Chiaruttini, Maria Ottavia (2015) La gestione della proprietà intelletuale nelle università australiane = Intellectual Property Management in Australian Universities. Trento : Università degli studi di Trento. ISBN 978-88-8443-626-9
Available under License Creative Commons Attribution Non-commercial No Derivatives.
Despite the majority of academic research results are available regarding conferences, seminars and publications in order to promote the community’s economic and cultural growth, it is not possible to ignore the phenomenon of research commercialisation. Traditionally universities have always had two principle missions: teaching and research. Lately, a third mission has begun to evolve, involving universities and the transfer of knowledge from the academic reality to the industrial and entrepreneurial one. Theoretically the aim is to shorten the distance between basic research and applied research. Yet, in practice, the result is often to the contrary because of public funding cuts. Universities are, therefore, encouraged to profit from research commercialisation instead of considering the innovative potential of research results. The focus of this thesis is on the management of intellectual property rights in connection with this new universities’ third mission. The topic has been developed investigating the Australian university system. The first chapter is about the history of the commercialisation of research results. In particular, after a brief examination of the three universities’ missions and the surfacing of a new academic model with strong entrepreneurial features, are discussed the origins of the third stream activities in Australia. This phenomenon has been analysed and taken from the US university system. The second chapter is about the relationship between intellectual property and knowledge transfer. The first paragraph identifies the intellectual property rights involved in knowledge transfer processes; then the analysis shifts to the ownership of these rights; finally the most common tools used to make the most out of research results have been identified. The first part of the third chapter contains a review of the Australian landmark cases regarding the ownership of intellectual property rights on materials and inventions made by university employees. Effectively this is the most critical issue in the Australian system. In the second part are sited some practical cases which demonstrate the importance of the commercialisation of research made by Australian universities and research centres. To conclude, I have discussed how a legislator could outline the borders of Australian universities’ statutory regulation without limiting the universities’ independence and, at the same time, giving them the necessary conditions to strengthen their contractual power on the ownership of intellectual property rights on inventions and materials protected by copyright. Without a clear legislative act, the allocation of intellectual property rights inside Australian universities today is left to university policies while the most powerful tools to regulate technology transfer processes are stipulated in contracts.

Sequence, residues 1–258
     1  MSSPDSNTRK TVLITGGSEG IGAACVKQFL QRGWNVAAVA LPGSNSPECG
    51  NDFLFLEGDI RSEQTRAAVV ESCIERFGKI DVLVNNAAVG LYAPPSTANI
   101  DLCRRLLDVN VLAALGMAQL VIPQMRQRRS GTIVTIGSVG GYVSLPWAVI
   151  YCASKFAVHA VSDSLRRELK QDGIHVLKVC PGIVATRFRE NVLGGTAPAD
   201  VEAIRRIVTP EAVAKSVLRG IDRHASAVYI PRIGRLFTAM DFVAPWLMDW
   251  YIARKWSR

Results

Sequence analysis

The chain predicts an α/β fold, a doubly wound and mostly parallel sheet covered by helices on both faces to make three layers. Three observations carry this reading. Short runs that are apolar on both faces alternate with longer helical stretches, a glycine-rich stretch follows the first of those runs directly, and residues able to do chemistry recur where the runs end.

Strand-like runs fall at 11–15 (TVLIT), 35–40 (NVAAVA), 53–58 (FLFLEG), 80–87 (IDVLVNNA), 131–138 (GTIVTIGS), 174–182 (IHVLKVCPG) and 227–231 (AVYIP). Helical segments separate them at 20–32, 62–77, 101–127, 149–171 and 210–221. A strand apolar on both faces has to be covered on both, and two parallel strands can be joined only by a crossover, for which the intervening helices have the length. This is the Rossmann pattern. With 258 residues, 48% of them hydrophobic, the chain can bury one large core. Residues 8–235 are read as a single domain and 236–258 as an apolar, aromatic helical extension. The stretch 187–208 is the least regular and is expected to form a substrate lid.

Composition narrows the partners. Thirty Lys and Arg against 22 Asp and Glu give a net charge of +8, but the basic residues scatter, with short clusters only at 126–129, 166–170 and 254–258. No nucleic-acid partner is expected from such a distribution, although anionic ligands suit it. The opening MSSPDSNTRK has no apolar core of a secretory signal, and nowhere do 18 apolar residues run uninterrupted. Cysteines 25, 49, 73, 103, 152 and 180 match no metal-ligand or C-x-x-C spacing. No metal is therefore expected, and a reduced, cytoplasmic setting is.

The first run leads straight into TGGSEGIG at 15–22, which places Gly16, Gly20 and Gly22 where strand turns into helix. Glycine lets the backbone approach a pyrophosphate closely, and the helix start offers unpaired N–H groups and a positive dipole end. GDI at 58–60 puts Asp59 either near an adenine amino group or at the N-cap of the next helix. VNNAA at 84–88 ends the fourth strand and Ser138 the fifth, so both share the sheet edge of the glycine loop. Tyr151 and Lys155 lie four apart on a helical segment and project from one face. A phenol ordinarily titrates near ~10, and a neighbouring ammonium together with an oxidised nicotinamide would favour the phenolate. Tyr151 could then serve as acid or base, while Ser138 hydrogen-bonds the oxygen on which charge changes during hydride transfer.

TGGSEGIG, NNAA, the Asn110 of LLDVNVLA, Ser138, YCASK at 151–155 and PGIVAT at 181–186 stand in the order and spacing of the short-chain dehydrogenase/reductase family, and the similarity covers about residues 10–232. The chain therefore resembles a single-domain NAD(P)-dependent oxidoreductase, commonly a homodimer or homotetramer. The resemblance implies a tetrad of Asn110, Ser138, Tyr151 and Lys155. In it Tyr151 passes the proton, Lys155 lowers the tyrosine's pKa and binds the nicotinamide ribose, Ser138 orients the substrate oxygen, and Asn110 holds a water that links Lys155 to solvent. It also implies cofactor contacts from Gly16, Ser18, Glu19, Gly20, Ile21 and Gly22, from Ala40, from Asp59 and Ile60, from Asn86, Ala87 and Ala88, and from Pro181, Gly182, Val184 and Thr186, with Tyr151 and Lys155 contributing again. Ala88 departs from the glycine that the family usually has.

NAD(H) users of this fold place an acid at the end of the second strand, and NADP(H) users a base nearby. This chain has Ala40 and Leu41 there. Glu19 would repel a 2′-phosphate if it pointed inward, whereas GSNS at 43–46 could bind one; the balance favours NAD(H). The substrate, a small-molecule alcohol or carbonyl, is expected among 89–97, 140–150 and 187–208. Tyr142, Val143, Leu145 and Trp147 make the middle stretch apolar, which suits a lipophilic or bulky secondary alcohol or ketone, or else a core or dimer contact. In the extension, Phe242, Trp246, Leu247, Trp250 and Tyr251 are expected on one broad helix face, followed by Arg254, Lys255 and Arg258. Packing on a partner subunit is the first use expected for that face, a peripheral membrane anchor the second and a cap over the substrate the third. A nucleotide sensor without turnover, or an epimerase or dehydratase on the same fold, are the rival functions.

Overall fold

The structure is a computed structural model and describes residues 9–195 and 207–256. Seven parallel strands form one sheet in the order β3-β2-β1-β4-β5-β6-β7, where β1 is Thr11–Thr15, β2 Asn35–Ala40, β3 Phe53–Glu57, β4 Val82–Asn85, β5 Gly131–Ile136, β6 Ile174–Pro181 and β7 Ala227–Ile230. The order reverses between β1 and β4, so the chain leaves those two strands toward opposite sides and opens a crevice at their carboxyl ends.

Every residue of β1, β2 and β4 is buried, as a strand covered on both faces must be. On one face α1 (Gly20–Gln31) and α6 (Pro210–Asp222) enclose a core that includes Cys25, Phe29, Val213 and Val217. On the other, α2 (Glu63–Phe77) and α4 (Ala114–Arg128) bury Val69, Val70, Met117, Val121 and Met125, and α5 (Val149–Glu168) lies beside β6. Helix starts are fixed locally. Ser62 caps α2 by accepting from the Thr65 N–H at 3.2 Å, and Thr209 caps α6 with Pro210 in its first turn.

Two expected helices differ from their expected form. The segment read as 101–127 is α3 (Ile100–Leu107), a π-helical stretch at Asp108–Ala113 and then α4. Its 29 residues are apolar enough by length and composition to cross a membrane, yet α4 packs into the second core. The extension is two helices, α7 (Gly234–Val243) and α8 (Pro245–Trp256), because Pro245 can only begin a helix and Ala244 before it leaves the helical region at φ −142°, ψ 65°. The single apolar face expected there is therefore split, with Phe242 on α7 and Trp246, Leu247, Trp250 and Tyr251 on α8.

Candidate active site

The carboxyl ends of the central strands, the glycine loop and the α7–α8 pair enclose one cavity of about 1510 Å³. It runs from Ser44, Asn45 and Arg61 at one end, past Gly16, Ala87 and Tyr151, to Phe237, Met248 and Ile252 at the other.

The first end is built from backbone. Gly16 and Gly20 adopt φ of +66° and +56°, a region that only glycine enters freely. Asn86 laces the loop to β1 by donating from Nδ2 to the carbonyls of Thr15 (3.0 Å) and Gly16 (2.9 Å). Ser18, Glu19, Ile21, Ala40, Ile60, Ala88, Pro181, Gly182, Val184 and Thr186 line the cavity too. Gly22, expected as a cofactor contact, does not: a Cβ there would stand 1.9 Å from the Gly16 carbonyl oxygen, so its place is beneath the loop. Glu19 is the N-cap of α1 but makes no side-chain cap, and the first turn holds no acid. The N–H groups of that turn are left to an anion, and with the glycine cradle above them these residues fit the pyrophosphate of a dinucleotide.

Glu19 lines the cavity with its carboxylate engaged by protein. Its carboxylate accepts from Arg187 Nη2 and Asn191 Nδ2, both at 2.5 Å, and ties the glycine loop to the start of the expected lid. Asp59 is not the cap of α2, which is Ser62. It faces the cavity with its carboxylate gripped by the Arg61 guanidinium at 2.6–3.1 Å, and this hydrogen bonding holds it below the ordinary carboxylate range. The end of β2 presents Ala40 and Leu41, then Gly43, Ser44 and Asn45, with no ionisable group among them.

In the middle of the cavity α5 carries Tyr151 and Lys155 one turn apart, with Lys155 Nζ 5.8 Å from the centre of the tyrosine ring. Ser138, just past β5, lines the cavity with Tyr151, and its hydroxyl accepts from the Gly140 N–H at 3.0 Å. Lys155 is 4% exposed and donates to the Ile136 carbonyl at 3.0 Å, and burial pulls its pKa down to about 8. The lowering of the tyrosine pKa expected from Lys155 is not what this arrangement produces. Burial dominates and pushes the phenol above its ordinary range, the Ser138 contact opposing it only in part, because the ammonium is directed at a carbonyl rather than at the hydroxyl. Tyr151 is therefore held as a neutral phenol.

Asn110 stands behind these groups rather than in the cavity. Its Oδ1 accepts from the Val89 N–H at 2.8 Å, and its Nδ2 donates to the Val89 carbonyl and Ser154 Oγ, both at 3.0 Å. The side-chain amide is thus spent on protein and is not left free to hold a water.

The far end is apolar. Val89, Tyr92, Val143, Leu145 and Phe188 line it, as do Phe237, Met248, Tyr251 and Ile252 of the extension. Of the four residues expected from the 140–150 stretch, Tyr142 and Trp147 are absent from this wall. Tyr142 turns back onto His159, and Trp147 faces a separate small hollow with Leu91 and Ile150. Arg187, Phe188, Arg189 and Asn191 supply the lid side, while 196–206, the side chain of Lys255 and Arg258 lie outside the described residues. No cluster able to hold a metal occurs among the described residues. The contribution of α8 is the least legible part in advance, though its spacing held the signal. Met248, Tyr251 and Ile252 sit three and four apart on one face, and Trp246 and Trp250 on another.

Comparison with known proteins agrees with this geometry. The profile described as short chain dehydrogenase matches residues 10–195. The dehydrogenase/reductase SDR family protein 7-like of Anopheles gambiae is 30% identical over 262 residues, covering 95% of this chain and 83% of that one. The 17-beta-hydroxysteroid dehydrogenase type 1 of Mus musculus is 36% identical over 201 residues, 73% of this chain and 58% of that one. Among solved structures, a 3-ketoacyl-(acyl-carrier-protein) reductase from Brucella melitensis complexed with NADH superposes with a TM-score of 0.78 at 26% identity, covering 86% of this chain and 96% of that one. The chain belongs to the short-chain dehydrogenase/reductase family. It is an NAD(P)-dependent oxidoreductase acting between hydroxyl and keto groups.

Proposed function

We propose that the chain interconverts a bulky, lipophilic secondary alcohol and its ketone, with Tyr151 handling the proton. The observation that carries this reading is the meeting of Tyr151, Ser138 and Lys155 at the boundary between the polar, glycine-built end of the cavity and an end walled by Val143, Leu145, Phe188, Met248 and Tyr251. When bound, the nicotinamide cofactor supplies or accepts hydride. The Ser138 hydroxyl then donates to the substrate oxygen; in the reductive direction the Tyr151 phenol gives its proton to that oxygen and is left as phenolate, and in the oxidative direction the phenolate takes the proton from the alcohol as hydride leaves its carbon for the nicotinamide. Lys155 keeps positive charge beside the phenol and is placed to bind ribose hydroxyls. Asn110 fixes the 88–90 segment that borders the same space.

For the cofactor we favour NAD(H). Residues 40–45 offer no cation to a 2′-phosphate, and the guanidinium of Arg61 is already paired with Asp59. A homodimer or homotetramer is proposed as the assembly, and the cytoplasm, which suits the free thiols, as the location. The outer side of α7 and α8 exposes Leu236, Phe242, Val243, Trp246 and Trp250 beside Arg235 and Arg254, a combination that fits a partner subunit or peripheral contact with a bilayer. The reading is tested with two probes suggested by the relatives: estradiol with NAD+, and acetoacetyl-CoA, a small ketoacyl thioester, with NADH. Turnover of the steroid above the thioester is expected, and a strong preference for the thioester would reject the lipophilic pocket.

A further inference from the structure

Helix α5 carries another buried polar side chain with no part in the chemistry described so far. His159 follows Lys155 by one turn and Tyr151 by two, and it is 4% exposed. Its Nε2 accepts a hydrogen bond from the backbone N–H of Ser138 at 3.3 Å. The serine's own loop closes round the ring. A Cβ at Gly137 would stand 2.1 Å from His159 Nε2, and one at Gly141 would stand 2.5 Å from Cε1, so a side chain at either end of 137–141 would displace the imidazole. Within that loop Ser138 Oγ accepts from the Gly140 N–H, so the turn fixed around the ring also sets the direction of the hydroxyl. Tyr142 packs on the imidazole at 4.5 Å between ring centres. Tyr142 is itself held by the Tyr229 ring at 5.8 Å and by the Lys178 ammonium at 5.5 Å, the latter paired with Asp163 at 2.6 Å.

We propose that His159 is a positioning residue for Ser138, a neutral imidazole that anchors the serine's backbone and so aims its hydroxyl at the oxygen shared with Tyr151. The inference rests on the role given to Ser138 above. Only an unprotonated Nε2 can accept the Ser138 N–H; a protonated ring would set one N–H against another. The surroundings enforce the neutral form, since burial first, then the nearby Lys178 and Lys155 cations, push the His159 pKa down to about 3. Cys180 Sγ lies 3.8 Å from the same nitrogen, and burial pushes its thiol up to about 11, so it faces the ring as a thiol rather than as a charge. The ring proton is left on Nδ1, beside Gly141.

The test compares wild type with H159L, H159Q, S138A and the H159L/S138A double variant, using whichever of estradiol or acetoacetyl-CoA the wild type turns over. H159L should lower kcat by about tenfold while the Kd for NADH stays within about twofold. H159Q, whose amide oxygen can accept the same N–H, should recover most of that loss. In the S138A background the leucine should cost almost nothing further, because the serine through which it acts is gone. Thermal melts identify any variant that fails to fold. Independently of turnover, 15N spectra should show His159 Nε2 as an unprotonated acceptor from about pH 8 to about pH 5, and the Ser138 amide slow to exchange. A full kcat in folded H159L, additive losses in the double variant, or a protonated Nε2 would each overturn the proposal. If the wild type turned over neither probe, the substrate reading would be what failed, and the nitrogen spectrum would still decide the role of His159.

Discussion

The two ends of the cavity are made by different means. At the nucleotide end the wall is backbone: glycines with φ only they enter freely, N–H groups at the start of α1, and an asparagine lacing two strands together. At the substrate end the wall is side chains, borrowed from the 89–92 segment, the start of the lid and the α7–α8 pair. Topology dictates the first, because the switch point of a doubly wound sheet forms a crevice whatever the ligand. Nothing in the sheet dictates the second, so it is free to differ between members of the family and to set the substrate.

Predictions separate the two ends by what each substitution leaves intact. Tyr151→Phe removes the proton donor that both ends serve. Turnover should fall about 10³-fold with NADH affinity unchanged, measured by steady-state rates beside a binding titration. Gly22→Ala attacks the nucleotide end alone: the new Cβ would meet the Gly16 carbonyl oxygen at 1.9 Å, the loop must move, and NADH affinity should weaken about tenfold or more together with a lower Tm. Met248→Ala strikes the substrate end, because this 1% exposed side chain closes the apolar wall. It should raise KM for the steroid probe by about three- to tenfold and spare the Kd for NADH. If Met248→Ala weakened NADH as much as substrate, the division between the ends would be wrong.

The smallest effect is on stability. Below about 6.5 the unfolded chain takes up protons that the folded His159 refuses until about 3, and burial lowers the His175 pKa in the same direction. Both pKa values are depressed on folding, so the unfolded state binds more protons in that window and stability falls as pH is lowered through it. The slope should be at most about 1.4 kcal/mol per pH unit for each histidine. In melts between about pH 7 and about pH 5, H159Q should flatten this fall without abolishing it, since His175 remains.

|Item Type:||Book as author|
|Department or Research center:||Faculty of Law|
|Subjects:||K Law > K Law (General)|
|Uncontrolled Keywords:||Knowledge Transfer, Research Commercialisation, Intellectual Property, Patents, Spin-off|
|Repository staff approval on:||04 Aug 2015 12:30|
Actions (login required)